My favorite moment in the whole season was when you and Chelsea Peretti were getting interrogated by a police officer, played by Nina Hellman. How did a Peretti-Early collab come together?

Well, Chelsea is a true idol of mine. When I first moved to New York in 2006, I was obsessed with Variety Shac, her comedy group. I used to go to their live shows and I really, really worshipped them and their shorts and stuff. And so it has been surreal for her to know who I am in any way, and to get to know her over the years through comedy, but she's friends with Charles [Rogers] and SB [Sarah Violet-Bliss]. And she knew them and she's apparently a big fan of the show, so I think they just had this small part and asked her if she wanted to do it. And she was so down to just fly to New York for basically one day. But it was so cool, I think she's really one of the most effortlessly funny people in the world, and I think her persona and her comedic rhythm work really well next to Elliott. It kind of makes sense.

Also memorable is the Chloe Fineman storyline, where Elliot flirts with the right wing, which plays with this new kind of queer fame that we're really just starting to reckon with.

Exactly. Yeah. Obviously, Milo Yiannopoulos is the big one, but there are a lot of people in media who are these like, gay contrarian, self-loving journalists. It's so bizarre. It's so, so bizarre. I think they are totally spot on that a character like Elliott is someone who in this moment would capitalize on internet radicalization and political bipolarization. Or political polarization — but I like bipolarization, can I coin that?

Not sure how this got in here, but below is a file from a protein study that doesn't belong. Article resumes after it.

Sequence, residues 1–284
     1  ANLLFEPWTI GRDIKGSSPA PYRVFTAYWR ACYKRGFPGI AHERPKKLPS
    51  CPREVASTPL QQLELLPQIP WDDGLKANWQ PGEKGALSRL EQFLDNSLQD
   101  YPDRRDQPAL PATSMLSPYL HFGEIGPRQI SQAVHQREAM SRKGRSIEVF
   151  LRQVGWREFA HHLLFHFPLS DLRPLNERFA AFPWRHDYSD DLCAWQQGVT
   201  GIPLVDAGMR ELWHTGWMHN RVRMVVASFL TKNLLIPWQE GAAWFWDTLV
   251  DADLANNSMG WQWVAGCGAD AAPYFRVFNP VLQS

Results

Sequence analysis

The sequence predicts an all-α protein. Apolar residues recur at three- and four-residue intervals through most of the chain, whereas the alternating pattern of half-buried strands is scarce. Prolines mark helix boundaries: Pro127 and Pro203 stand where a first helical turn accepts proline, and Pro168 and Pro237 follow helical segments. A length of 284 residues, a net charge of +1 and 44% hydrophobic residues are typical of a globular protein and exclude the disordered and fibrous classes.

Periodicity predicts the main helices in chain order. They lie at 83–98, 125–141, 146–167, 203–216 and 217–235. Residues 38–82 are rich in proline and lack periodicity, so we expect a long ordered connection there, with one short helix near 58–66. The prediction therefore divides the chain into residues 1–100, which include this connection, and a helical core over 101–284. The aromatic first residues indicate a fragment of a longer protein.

I think you can.

That's huge. I think some people feel excluded from the leftist veil of academia. Like academic language around social justice, they feel resistant to it or maybe excluded or resentful of it. And they don't take that second breath that a lot of us take and go, "You know what though, this is for the greater good, and maybe I'm feeling defensive and resistant because I don't want to face my own complicity in the matter."

They don't have that moment of reflection, and they just go running straight to the right. It's been so weird to watch it all evolve. I mean I remember like 2015, 2014 as I started to learn about the Milos of the world, and the alt-right in general — I just remember being like, "Well, this is a blip. This will just be a little teeny moment that my kind of niche, rarefied gay Twitter will talk about and cannibalize in a matter of two months and I'll look from the sidelines and learn about it, sort of." And then it's become an entire half of the country.